There’s no arguing that GlucoNorm is easier to remember (and pronounce) than Repaglinide. That’s one of the reasons a drug company made up that name: it’s user friendly and also implies benefits for the diabetes patients it’s prescribed for.

But there are good reasons why generic names are long and sound awkward to many people: they’re based on factors like drug class, active ingredients and chemical structure. Which is why it’s recommended that doctors, medical journals and medical schools use the generic name: it’s full of useful information. So shouldn’t Health Canada use them, too?

Today in The Conversation Canada, Joel Lexchin of York University and University of Toronto and Abhimanyu Sud of University of Toronto explain why it matters that Health Canada often gives precedence to brand names. Drug names might not seem like a big deal, but when pharmaceutical company branding infiltrates health care, it affects patients as well.

Also today:

All the best,

Patricia Nicholson

Health + Medicine Editor

Generic drug names are assigned at the global level by the World Health Organization in conjunction with national naming authorities. (Shutterstock)

Generic drug names provide information for doctors, so why is Health Canada promoting the use of pharma brand names?

Joel Lexchin, University of Toronto; Abhimanyu Sud, University of Toronto

Generic drug names are often long, but they can tell doctors what type of medicine it is and how it works. But it’s brand names that appear first and most prominently in Health Canada materials.

In 2017, Louis C.K. fell from grace after he was accused of sexual misconduct. (Shutterstock)

Louis C.K.: Sexual misconduct and the pursuit of justice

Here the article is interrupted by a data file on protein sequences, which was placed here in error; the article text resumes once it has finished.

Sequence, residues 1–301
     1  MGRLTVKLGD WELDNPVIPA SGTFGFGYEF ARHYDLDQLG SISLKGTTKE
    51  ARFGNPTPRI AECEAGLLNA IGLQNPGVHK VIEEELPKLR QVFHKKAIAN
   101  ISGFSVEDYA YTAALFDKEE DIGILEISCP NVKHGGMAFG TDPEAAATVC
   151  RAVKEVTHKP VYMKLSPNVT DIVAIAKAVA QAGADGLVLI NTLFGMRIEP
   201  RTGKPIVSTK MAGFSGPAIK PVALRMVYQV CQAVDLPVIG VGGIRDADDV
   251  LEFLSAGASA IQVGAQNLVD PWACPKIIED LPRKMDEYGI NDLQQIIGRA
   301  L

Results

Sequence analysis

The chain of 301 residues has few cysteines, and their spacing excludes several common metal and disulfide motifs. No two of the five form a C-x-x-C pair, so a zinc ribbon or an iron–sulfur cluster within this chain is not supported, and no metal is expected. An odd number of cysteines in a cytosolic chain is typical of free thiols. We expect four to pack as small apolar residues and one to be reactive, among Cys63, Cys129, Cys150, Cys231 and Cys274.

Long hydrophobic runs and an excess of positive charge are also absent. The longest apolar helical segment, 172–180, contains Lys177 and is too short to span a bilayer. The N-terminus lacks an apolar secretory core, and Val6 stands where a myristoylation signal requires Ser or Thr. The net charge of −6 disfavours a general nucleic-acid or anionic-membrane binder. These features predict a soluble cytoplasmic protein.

Christopher J. Schneider, Brandon University; Stacey Hannem, Wilfrid Laurier University

Cancel culture is what is left when people who have caused harm fail to actively accept responsibility and work to repair that harm.

International students living abroad who face unpredictable pandemic travel restrictions during holidays may be feeling vulnerable, and reaching out is important. (Shutterstock)

Amid COVID-19 stressors, international students and their university communities should prioritize mental health supports

Ezgi Ozyonum, Concordia University; Qiyang Zhang, Johns Hopkins University

Peer support, opportunities to engage in responses to combat racism and bias and culturally responsive counselling are important for the mental health and well-being of international students.

La Conversation

L’art écologique, le design et l’architecture peuvent être des agents du changement

Carmela Cucuzzella, Concordia University

Qu’il s’agisse d’installations de glace ou de projections d’art générées à partir de relevés de la qualité de l’air, les artistes proposent des expériences fortes qui font réagir sur l’environnement.


  • The sordid underbelly of Christmas past

    James A. T. Lancaster, The University of Queensland

    We tend to romanticise the Christmas season, that time of year when we gather with friends and family, feast and be merry. But for most of its history Christmas has been a time of sordid behaviour.

Environment + Energy

Science + Tech